Main Article Content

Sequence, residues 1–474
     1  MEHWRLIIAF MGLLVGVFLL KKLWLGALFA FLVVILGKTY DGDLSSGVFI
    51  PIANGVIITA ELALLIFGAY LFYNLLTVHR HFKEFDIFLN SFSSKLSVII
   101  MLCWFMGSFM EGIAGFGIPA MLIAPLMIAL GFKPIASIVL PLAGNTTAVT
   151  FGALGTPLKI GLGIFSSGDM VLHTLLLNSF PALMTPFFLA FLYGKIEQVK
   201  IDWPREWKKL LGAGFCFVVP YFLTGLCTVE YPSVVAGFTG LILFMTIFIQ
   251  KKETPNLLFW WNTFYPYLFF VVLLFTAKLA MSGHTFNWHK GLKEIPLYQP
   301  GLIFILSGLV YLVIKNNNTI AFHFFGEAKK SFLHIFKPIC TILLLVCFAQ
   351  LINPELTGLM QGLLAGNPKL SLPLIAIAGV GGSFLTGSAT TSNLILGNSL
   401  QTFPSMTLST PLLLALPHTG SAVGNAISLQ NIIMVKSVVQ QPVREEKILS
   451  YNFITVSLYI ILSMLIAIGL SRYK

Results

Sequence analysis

This paper aims to shed light on the impact of post-colonialism on English language learning and misconceptions about non-native English-speaking teachers (NNESTs), as well as to suggest all stakeholders, particularly the policymakers who determine English language learning policies in Thailand, in order to increase awareness among stakeholders who are compatible with English Medium Instruction (EMI) policy and bilingual curriculums in Thailand. This paper employs the binary terms of native English-speaking teacher (NEST) and non-native English-speaking teacher (NNEST) to reinterpret misunderstanding regarding Thailand’s bilingual education policy, which leads to discrimination against English language learners and limited access to English language learning. Finally, Gramsci’s decolonization is proposed as solution for all stakeholders, especially those who are involved in Thai education, in order to re-examine the English language teaching policy, decrease social inequality, and to increase Thai people’s understanding toward English language teaching and learning. The solutions are the reconceptualization of non-native English-speaking teachers, the understanding and acceptance of the nature of second language users, and the development of the content based on the local context.
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